Negotiating With Purchasing and Vendors

Negotiating With Vendors

How to understand purchasing through the eyes of the buyer and seller: Buying the right book on manufacturing techniques can be much less expensive than even one mistake of using the wrong process or vendor.

At some point in the development of our inventions, we have to purchase parts or services. The most crucial purchases occur when we are producing a finished product for sale; every two dimes spent needlessly means we have to add a dollar to our selling price if we are going to cover all of our costs and make a reasonable profit.

Even if our intention is to license our patent, we may produce a limited quantity to demonstrate that our invention serves a ready market. It’s a lot easier to find a licensee if you can prove your invention is selling.

Several years ago, I started a prototyping and short-production-run business. At its peak, I had 12 employees. I managed it for six years, but the inventor in me itched for greater adventure. When I had an offer I couldn’t refuse, I sold Short-run Precision Fabrication and went back to designing tooling and processes for an aerospace manufacturer.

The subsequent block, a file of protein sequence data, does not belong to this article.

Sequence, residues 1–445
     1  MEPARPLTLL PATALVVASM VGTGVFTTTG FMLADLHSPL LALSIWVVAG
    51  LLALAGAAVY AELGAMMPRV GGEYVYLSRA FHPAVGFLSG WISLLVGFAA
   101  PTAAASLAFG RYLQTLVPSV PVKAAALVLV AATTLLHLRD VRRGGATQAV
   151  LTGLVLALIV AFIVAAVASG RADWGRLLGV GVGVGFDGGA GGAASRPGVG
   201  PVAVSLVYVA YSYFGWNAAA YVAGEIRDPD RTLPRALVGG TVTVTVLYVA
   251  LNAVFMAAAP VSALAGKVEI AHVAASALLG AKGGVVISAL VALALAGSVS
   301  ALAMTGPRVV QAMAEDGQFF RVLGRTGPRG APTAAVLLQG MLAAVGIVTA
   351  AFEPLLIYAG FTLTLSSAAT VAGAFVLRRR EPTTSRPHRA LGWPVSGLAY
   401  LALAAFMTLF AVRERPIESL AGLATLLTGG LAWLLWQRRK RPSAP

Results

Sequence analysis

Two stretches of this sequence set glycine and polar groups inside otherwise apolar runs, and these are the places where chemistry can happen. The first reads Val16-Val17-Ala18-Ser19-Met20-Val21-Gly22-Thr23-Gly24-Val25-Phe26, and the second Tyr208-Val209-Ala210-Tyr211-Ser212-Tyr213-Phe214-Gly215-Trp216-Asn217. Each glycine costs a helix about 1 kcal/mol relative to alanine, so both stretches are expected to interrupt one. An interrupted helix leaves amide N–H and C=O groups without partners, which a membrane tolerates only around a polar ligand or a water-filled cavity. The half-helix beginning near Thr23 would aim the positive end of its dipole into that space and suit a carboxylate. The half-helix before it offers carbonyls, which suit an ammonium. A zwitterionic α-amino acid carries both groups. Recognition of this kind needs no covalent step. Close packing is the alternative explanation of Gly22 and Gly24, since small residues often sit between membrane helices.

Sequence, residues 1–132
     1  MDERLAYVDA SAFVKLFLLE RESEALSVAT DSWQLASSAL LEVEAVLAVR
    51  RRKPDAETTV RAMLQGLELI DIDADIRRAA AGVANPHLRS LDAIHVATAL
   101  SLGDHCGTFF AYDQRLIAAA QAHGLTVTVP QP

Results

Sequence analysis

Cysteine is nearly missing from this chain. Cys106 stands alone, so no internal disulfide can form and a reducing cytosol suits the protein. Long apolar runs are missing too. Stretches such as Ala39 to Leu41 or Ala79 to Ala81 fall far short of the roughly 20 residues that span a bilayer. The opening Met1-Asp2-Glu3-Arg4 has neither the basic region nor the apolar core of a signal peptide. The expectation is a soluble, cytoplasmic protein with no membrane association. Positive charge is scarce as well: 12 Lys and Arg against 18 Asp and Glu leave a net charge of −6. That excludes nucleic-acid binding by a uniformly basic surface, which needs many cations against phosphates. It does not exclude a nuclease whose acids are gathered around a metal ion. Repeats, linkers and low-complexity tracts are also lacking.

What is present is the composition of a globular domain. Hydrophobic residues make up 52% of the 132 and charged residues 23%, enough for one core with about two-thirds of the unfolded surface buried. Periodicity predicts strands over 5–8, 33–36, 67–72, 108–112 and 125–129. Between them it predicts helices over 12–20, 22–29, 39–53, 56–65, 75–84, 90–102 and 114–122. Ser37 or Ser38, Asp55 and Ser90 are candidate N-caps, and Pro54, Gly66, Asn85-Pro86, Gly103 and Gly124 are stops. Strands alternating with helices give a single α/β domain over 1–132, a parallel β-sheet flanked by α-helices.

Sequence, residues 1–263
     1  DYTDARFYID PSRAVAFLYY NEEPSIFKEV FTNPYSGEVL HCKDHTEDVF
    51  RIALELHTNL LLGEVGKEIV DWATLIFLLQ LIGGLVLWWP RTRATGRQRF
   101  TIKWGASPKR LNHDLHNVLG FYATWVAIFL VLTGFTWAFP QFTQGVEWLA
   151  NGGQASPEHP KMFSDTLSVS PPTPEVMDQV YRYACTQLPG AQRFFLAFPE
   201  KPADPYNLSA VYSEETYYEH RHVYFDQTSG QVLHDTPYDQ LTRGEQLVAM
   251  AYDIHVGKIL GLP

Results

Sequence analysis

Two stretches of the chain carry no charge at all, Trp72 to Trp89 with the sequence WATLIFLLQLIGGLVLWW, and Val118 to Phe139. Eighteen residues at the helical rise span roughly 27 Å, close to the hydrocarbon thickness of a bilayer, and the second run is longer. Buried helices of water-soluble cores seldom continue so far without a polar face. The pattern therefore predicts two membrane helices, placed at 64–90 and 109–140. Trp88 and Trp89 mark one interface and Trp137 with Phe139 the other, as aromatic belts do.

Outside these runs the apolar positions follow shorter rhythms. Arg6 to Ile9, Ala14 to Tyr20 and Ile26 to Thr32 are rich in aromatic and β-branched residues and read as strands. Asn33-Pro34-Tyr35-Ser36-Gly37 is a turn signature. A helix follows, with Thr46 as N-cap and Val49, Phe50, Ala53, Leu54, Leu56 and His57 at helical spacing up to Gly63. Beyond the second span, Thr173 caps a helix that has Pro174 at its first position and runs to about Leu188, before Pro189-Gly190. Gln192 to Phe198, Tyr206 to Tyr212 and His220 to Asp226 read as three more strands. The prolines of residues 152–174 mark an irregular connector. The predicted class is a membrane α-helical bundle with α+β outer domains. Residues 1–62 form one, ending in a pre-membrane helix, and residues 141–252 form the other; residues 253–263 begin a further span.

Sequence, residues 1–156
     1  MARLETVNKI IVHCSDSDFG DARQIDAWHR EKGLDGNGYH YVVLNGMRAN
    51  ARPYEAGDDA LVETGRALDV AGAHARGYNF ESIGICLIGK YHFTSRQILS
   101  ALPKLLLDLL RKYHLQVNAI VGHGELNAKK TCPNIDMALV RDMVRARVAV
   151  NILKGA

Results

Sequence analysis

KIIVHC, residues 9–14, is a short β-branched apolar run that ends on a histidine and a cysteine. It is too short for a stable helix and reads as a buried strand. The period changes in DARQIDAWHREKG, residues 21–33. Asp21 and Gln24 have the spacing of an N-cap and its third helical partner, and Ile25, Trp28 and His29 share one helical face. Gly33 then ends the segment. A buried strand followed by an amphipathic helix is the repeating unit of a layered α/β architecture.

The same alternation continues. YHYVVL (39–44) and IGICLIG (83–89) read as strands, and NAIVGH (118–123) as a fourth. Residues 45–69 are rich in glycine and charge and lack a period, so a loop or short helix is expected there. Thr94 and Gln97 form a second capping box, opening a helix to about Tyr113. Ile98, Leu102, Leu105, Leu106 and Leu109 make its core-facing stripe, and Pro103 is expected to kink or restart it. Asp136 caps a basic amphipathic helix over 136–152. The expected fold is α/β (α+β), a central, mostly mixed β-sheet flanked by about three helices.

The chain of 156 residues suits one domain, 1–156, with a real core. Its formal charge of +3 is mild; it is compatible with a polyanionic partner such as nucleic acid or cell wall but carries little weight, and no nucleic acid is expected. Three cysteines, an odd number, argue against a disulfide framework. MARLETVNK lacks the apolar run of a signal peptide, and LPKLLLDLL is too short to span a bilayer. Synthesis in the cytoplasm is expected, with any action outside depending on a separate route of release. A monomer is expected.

Earlier in my career, I was a manager of material for another aerospace producer. The purchasing function was one of my responsibilities. So I’m going to share what I learned about purchasing from the viewpoints of both the buyer and seller of production parts and services.

Learn the buying process

The buying process begins with negotiating the price. Note that I said negotiating, not haggling.

If you’re dealing with an ethical vendor, there shouldn’t be any back and forth on the price. But some vendors justify fudging their pricing just a bit. Professional buyers are protected by knowing the most suitable vendors for their needs and being able, you might say, to play one against the other. These buyers usually solicit three price quotes from three different vendors.

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